Sing, Yes, But Also Say Something by Mike Holsclaw Continued from page 10...
Consequently, the sickly hues of a society that is quickly losing its soul to a demonic leader colors everything that happens in the film and even serves as an undertone to the musical acts in the cabaret; there is more than just a whiff of the decadence which permeated the Weimar Republic woven into the very texture of the film and this was a most unusual atmosphere to find in a Hollywood musical. Finally, the film refused to make any concessions to the form of the traditional musical, especially in not bowing to the demand for a happy ending (considering the setting, how could there have been one?). The uniqueness of what Fosse had done was recognized by the American film community; "Cabaret" won eight Academy awards that year, the most ever won by a film that did not also win Best Picture ("The Godfather" claimed that prize that year). I was especially gratified to learn of all this acclaim because it showed me that I wasn't the only one who expected more out of musicals and that I wasn't the only one who appreciated it when they got it. Six years later, in 1979, Fosse also directed "All That Jazz", which, in some ways, was even more startling than "Cabaret"; where "Cabaret" was able to carve out a deeply interesting and even perversely entertaining story from one of the worst periods in the history of the world, Fosse used the raw material of his own life to provide the narrative details for "All That Jazz", and he was unbelievably merciless, to himself, in the way he dissected the facts of his sometimes sordid life. I've never read or seen an autobiographical work that was as dry-eyed in admitting to the many failings of the subject's life, but Fosse resolutely refused to let himself off the hook for his previous misdeeds. Fosse was a deeply imperfect man; for all his creative genius, he was infamous for his marital infidelities and for his total failure to remain faithful to anyone he might become romantically involved with; at best, he was sometimes capable of serial monogamy. Plus, in addition to this particular weakness of the flesh, he ruthlessly abused his body with caffeine, nicotine, and other, much more serious drugs, in order to "jump start" his mind so he could achieve the amazing feats of creativity which he accomplished. Truly, he was a rebel in many of the most extreme iterations of that word, both positive and negative. In spite of his enormous character defects, he had such a charismatic personality that, miraculously, he was able to remain on friendly terms with most of his ex-wives and lovers, and his talent was so brilliant that, despite any prickliness he might show in the production of his Broadway shows and movies, he was genuinely well-liked by the people he worked with. Also, I have to confess, I have a great deal of grudging admiration for his searing honesty about himself in "All That Jazz"; he might have been a scoundrel, but he wasn't a hypocrite. "All That Jazz" assays, with alarming faithfulness, Fosse's personal history but it also uses a narrative device that I've always found extremely appealing; the story is framed by the film's Fosse surrogate, Joe Gideon, (played by Roy Scheider), relating the events of his life to a mysterious, beautiful woman, veiled in white. Continued on page 12...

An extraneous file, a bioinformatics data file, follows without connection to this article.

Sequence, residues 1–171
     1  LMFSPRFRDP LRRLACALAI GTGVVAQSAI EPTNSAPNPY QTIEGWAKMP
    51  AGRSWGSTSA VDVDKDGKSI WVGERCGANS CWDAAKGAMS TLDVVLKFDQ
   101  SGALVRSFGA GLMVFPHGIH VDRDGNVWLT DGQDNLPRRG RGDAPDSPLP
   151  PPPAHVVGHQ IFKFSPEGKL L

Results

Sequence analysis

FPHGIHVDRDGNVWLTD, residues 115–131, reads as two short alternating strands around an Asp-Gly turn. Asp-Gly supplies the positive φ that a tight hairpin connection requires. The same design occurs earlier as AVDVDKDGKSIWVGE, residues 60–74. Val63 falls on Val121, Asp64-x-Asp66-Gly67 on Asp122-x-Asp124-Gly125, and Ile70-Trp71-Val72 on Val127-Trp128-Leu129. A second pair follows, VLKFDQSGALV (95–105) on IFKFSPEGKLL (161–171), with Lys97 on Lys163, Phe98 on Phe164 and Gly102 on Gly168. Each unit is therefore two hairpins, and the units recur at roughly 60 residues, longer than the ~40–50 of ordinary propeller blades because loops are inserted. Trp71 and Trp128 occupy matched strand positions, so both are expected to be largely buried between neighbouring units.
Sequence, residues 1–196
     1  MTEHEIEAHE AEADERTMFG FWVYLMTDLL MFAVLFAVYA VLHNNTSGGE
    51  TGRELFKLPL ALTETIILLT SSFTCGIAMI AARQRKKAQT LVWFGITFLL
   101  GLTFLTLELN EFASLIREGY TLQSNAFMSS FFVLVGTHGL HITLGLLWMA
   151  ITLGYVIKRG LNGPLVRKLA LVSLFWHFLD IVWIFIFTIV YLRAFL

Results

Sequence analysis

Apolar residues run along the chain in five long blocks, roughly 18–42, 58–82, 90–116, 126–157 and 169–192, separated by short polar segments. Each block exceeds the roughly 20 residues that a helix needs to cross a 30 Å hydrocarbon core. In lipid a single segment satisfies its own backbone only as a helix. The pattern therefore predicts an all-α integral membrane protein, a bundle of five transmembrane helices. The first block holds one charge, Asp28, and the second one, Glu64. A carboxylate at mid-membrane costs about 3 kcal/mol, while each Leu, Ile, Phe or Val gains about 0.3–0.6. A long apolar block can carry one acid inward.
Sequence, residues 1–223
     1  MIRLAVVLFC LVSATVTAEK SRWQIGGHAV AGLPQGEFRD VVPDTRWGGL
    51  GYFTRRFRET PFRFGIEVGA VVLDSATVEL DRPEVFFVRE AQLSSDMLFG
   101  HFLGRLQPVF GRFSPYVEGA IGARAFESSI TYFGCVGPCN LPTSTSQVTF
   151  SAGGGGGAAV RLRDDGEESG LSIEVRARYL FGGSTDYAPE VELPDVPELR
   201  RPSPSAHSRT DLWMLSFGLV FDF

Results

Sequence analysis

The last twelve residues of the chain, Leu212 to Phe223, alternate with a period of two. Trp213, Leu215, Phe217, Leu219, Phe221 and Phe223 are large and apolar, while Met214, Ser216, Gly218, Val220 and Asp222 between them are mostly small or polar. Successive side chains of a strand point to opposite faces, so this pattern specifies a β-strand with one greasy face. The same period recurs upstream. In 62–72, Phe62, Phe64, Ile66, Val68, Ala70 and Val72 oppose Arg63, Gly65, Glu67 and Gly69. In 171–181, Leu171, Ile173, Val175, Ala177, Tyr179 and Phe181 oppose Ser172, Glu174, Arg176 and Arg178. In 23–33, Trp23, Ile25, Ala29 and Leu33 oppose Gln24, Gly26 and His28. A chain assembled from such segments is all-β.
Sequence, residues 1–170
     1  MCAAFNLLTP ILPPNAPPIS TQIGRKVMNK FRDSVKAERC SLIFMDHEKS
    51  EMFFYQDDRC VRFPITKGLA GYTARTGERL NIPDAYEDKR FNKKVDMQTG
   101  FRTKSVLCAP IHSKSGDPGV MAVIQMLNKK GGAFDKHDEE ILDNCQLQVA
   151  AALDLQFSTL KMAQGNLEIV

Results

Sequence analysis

Thursday, May 17, 2018
Sing, Yes, But Also Say Something by Mike Holsclaw Continued from page 11…